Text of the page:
In a November 2013 interview Abubakar is quoted as saying, regarding Obasanjo’s alleged attempts to justify his third term bid: “[He] informed me that ‘I left power twenty years ago, I left Mubarak in office, I left Mugabe in office, I left Eyadema in office, I left Umar Bongo, and even Paul Biya and I came back and they are still in power; and I just did eight years and you are asking me to go; why?’ And I responded to him by telling him that Nigeria is not Libya, not Egypt, not Cameroun, and not Togo; I said you must leave; even if it means both of us lose out, but you cannot stay.”
The debate and acrimony generated by the failed constitutional amendment momentarily caused a rift in the People’s Democratic Party. The Nigerian National Assembly eventually voted against any amendments allowing Obasanjo to run for another term.
The Abubakar-Obasanjo face-off damaged the personal relationship between both men.
Second presidential run (2006–2007)
On 25 November 2006 Abubakar announced that he would run for president. On 20 December 2006, he was chosen as the presidential candidate of the Action Congress (AC).
On 14 March 2007, the Independent National Electoral Commission (INEC) released the final list of 24 aspirants for 21 April presidential election. Abubakar’s name was missing from the ballot. INEC issued a statement stating that Abubakar’s name was missing because he was on a list of persons indicted for corruption by a panel set up by the government.Abubakar headed to the courts on 16 March to have his disqualification overturned.The Supreme Court unanimously ruled on 16 April that INEC had no power to disqualify candidates.
The ruling allowed Abubakar to contest the election, although there were concerns that it might not be possible to provide ballots with Abubakar’s name by 21 April, the date of the election. On 17 April, a spokesman for INEC said that Abubakar would be on the ballot.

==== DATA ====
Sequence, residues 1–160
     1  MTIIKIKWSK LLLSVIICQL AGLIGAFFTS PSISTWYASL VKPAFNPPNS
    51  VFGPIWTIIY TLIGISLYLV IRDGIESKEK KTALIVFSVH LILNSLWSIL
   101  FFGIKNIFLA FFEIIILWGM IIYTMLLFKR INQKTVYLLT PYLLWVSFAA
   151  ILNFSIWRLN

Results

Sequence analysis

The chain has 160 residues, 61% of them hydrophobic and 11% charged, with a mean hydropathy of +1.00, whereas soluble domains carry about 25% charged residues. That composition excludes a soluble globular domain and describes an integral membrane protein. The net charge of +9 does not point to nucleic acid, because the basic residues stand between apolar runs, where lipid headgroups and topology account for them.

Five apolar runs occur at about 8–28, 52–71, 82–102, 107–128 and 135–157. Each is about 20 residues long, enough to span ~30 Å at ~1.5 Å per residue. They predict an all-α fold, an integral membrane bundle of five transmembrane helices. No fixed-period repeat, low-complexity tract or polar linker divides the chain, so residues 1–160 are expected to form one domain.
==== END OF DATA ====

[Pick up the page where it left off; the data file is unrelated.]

According to official results, Abubakar took third place, behind PDP candidate Umaru Yar’Adua and ANPP candidate Muhammadu Buhari, with approximately 7% of the vote (2.6 million votes). Abubakar rejected the election results and called for its cancellation, describing it as Nigeria’s “worst election ever.”
He stated that he would not attend Umaru Yar’Adua’s inauguration on 29 May due to his view that the election was not credible, saying that he did not want to “dignify such a hollow ritual with my presence.”
Fourth presidential run (2018)
Atiku declared his candidacy under the People’s Democratic Party of Nigeria and won the presidential ticket on October 7, 2018. He won the ticket with 1, 532 delegate votes.
Third presidential run (2011]
Following the 2007 elections, Abubakar returned to the People’s Democratic Party. In October 2010 he announced his intention to contest for the Presidency. On 22 November, a Committee of Northern Elders selected him as the Northern Consensus Candidate, over former Military President Ibrahim Babangida, former National Security Adviser Aliyu Gusau and Governor Bukola Saraki of Kwara State.
In January 2011, Abubakar contested for the Presidential ticket of his party alongside President Jonathan and Sarah Jubril, and lost the primary, garnering 805 votes to President Jonathan’s 2736.
Relationship with President Obasanjo
On 30 March 2014, Nigerian media reported that a delegation from the Northern Youth Leaders Forum visited Obasanjo at his home in Abeokuta and pleaded with him to “forgive your former vice-president, Alhaji Atiku Abubakar of whatever political sin or offence he might have committed against you.” In response Obasanjo is quoted as saying that “as a leader and father, I bear no grudge against anybody and if there is, I have forgiven them all.”
Peoples Democratic Movement (PDM)
In August 2013, the Independent National Electoral Commission (INEC) registered two new political parties. One of them was the Peoples Democratic Movement. Local media reports suggested that the party was formed by Abubakar as a back-up plan in case he was unable to fulfill his rumoured presidential ambitions on the PDP platform. In a statement Abubakar acknowledged that the PDM was founded by his “political associates”, but that he remained a member of the PDP.
All Progressives Congress
On 2 February 2014, Abubakar left the Peoples Democratic Party to the join All Progressives Congress. According to local media reports, he will be seeking to contest for the Nigerian presidency in 2015, on the party’s platform.
On Friday, 24 November 2017, Abubakar announced his exit from the All Progressives Congress (APC), a party he helped to form.
Peoples Democratic Party
On December 3, 2017, via a Facebook Live broadcast, Abubakar announced his return to the Peoples Democratic Party (PDP). The announcement on Sunday followed consultations the former Vice President had with party leaders and stakeholders from across the country. He said he decided to ‘return home’ to the PDP now that issues which made him leave the party have been resolved.
He became the presidential flagbearer on October 7, 2018 for the People’s Democratic Party for the 2019 general election, Atiku Abubakar polled 1,532 to beat 11 other contestants. His closet rival, Governor Aminu Tambuwal of Sokoto state scored 693 votes.
On the 12th of October 2018, Atiku announced Peter Obi as his running mate.